President Reagan yesterday called for $41.4 billion in spending reductions in the 1982 fiscal year.

About $16 billion of this would come from programs that primarily aid the poor, but would be taken, the administration maintained, in ways that would not hurt the truly needy. Medicaid, food stamps, housing aid to the poor and unemployment compensation all would be affected. Tenants in subsidized housing, the fastest growing of all federal welfare programs, would be required to pay 30 percent of income in rent, up from 25 percent now, and fewer new units would be added to the program.

Grants to state and local governments would also be much reduced, and the U.S. Conference of Mayors quickly said through its president, Richard G. Hatcher of Gary, that Reagan's proposals "are not fair" to the cities.

About $6.7 billion in further cuts could come in spending and loan programs that subsidize specific sectors of the economy. Among victims of these would be railroad, the Postal Service, dairy farmers, the Corporation for Public. Broadcasting, companies that sell airliners and nuclear power plants abroad, would-be synfuel producers, and some beneficiaries of federal water projects. Reagan is seeking to cut these projects somewhat as Jimmy Carter did four years ago.

The $41.4 billion is a first installment in a program Reagan hopes will limit future growth in federal spending to 6 percent a year, starting with the 1982 fiscal year that begins Oct. 1.

Yesterday, Reagan proposed 83 major budget changes that would reduce spending an estimated $34.8 billion in fiscal 1982. A second list of smaller spending changes will be proposed before March 10 to reach the $41.4 billion target.

In his budget plan, Reagan drew a sharp distinction between the "deserving needy" and those just above the federal poverty line. Eligibility rules in more than a dozen of the largest assistance programs would be tightened to eliminate millions of recipients whom the government can no longer afford to support, in the Reagan administration's view.

Some 400,000 households would be removed from the food stamp program rolls, Medicaid spending would be reduced $100 million this year and allowed to increase only at the inflation rate after fiscal 1982.

The nation's basic income maintenance and entitlement programs, totaling about $350 billion, would be cut only about $9 billion, Reagan said.

But in different parts of the budget he also proposed cutting out $3.6 billion in public service jobs, most of which go to people of small means, plus about $2.6 billion in 1982 (and more later) in education, health and social services grants to the states, largely for programs helping the educationally, physically or financially disadvantaged.

If these cuts are added to those he listed under income maintenance programs, then the program cuts affecting primarily poor or near-poor people would come to $16 billion.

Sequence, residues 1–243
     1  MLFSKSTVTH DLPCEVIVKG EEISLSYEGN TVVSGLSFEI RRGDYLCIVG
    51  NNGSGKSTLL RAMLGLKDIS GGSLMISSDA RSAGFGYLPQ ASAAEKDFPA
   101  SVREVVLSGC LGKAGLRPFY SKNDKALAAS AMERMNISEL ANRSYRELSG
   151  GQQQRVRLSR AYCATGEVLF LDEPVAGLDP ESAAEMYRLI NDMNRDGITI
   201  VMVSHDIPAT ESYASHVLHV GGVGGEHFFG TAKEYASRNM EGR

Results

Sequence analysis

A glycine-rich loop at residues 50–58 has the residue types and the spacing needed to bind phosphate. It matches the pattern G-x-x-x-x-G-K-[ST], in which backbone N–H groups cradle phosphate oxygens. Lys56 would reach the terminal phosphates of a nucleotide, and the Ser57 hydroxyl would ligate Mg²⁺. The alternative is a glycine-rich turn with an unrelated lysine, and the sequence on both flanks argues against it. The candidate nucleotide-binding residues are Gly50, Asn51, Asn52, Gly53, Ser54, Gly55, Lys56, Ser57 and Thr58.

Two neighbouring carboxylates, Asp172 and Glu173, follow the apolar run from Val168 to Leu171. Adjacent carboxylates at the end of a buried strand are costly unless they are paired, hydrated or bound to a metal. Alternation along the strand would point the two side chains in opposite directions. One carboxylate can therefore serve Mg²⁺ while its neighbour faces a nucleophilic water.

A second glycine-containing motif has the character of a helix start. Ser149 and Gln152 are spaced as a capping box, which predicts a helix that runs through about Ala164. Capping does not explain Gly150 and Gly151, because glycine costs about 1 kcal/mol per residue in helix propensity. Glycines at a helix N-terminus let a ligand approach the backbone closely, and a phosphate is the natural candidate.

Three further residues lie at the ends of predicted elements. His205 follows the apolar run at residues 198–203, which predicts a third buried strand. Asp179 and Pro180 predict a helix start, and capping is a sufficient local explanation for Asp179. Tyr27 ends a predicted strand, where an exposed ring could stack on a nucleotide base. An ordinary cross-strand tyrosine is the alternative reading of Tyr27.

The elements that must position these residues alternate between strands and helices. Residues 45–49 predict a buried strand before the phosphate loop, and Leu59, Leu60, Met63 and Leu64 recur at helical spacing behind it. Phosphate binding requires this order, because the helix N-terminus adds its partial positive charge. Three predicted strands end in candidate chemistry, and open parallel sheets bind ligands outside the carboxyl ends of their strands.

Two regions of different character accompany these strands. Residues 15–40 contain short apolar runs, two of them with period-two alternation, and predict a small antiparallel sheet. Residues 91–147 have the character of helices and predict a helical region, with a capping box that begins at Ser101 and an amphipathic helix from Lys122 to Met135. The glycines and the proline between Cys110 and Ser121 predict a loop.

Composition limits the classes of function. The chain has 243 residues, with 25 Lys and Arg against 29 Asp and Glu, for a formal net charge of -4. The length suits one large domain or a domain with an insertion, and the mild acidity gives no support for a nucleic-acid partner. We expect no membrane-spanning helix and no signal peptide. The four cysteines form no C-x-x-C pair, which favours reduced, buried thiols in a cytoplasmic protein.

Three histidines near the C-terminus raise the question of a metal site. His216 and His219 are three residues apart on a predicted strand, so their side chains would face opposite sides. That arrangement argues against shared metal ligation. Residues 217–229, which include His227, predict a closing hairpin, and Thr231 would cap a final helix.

Reagan also proposed a 13 percent reduction in the public housing and rent subsidy programs for the poor and an increase in the rental payments by occupants of subsidized housing, saying these programs benefit a small percentage of eligible beneficiaries.

Emphasizing its determination to restrict federal aid to the neediest, the administration proposed a surprise change in unemployment assistance, to deny benefits to jobless workers who decline to take new jobs at pay substantially below what they had earned.

Reagan's budget would also shift responsibility for a range of federal programs from the federal government to states and localities.

More than 45 elementary and secondary education grant programs totaling $6 billion in projected budget authority would be consolidated into two block grant programs with a $1.5 billion cut in budget authority; similar consolidation of 40 social services, health and welfare programs would cut 1982 outlays from $9.3 billion to $6.8 billion.

In addition, impact-area aid would be sharply cut, from $888 million to $438 million. Finally, grants to localities for sewage treatment construction would be reduced.

Other notable cuts include:

Limiting cost-of-living pension raises for federal employes to once a year instead of twice.

Elimination of over half in the school impact-aid program, a traditional target of budget-cutters.

Reducing food stamps by $1.8 billion, about one-sixth, by cutting stamps if a child gets free school lunches, excluding families with gross income over 130 percent of the poverty line and other changes. At the same time, the school lunch and related child feeding programs would be cut from $3.9 billion to $2.3 billion by eliminating lunch subsidies for students with family income, based on a family of four, over $15,630.

Asking Congress to cancel the next increase in subsidies for the diary industry, scheduled April 1, a savings of nearly $1.1 billion.